After much internal turmoil over the issue, and having weighed the pro’s and cons, I went back to my doctor. With her advisement I decided it was time to try this avenue with the hope that it would allow me to be productive to my fullest potential at the new job.

A Coach Makes All the Difference

My doctor started me off with the smallest dose and gradually increased it over the next new months. I decided it was time to sit down and have a discussion with Kathy. I told her everything; about the ADHD, my struggles with keeping my head above water, and the decision my doctor and I had made.

That was all it took. This amazing woman started working with me to find a system that would help me in staying organized and keeping track of things. She has been very instrumental in helping me. I appreciate her immensely.

For the first time, I felt like a fog had lifted; one that I had never know existed! I believe the drug was the second important component in changing my life. The first, and most effective was an incredible person that God brought into my life.

I have seen it stated repeatedly that having a life coach is very important to the success of someone with ADD or ADHD. If you truly love someone with ADHD, there is a way you can help. I am not telling you to enable them. This is not an excuse to justify their issues. They have to genuinely WANT to change. In my case, I did want to change. I just didn’t know where to find a coach.

Natural is Always Better

I want to make it clear; my hope is to stop taking all prescription drugs at some point. If you are just starting your journey (for yourself or with someone you love), I hope you are able to start with a natural course of treatment and find a good coach. I really believe a great coach (Thank you, Kathy. Your an angel!) is the most crucial piece of the puzzle.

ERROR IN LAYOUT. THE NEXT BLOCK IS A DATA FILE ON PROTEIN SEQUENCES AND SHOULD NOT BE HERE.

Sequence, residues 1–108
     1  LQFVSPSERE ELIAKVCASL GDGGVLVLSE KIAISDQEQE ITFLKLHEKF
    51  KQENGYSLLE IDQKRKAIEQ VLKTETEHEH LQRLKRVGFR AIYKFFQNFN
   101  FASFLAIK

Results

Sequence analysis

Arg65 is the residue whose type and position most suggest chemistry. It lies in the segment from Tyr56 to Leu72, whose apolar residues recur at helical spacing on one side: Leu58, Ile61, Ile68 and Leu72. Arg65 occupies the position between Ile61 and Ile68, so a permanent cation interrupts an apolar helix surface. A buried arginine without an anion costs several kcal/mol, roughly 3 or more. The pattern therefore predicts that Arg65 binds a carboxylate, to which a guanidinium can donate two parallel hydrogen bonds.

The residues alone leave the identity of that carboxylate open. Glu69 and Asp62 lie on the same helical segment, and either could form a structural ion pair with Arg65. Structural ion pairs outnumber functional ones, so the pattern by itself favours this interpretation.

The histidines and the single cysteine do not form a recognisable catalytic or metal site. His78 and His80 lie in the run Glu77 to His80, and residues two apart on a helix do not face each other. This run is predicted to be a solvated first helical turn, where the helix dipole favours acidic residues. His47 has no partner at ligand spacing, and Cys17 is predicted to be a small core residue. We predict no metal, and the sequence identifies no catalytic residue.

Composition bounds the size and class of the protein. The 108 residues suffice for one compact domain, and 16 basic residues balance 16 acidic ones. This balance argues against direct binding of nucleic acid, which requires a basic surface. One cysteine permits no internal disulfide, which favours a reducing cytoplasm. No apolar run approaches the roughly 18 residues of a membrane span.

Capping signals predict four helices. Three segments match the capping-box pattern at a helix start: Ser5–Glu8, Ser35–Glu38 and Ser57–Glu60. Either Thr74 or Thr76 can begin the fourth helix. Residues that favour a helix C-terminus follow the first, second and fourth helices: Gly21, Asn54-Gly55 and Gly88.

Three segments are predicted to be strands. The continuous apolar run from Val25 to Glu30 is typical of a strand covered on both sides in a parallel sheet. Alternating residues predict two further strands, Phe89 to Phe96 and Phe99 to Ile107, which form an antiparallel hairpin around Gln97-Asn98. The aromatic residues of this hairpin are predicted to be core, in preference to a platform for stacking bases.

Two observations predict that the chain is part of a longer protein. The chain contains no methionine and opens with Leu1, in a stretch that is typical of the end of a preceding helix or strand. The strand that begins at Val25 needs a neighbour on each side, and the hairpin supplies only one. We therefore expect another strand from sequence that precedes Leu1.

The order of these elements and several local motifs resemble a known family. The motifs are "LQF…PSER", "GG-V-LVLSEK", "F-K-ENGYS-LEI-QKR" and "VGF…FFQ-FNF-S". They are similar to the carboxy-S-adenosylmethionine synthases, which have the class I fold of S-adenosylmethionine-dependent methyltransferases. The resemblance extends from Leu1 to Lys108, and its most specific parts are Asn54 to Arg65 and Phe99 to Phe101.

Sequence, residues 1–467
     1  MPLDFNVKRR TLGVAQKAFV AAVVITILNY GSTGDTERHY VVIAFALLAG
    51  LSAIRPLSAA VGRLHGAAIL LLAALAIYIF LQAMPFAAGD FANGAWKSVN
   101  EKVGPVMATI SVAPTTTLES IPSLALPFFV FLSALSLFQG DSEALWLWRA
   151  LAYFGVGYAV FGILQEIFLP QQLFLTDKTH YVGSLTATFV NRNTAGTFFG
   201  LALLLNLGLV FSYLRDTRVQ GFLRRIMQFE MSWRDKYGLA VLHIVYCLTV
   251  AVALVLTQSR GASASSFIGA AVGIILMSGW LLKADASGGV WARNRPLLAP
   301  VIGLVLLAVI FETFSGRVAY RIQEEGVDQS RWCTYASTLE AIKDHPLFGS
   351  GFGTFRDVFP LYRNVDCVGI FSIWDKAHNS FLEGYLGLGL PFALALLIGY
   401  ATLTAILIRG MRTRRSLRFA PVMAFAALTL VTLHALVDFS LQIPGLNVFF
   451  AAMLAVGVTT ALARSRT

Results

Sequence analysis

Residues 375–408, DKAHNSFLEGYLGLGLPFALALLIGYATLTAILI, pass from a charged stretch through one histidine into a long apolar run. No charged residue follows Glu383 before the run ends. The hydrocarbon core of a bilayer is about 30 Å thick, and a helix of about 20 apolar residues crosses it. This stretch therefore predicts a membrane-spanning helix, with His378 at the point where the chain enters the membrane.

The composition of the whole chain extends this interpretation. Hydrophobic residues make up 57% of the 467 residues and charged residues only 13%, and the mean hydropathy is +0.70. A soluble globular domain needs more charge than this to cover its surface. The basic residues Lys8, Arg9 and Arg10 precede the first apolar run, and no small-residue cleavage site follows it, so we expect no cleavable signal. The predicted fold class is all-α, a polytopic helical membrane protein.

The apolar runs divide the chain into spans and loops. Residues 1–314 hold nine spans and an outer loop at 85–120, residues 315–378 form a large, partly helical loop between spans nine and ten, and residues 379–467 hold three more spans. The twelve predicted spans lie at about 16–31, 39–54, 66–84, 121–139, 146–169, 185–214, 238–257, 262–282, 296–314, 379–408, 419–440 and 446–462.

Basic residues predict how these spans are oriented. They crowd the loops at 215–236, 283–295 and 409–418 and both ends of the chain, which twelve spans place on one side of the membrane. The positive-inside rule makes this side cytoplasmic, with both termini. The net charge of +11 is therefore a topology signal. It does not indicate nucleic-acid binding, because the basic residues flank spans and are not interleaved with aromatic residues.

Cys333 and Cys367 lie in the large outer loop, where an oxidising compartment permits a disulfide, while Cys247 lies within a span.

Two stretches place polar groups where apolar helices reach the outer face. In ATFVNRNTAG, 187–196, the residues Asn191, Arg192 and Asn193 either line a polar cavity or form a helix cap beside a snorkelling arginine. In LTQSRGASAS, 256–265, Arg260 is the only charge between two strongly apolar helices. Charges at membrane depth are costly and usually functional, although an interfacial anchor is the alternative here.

Consult your doctor. Make an educated decision that’s best for you. Don’t try to figure this out alone and suffer in silence. I hope you find success. I pray for an end to your frustration. Its time to reach out and let someone help.

Those that were close to me were often unable to help. They were too close to the situation. Frustration, anger, impatience, and resentment will have no place in the coaching process. There are many books and resources out there for coaches. I am sure that Google and Amazon have a lot to offer on the subject. 🙂


Please be with your dear child who is reading this blog post. Open the doors and give them the tools that they need to find the peace and support that they need.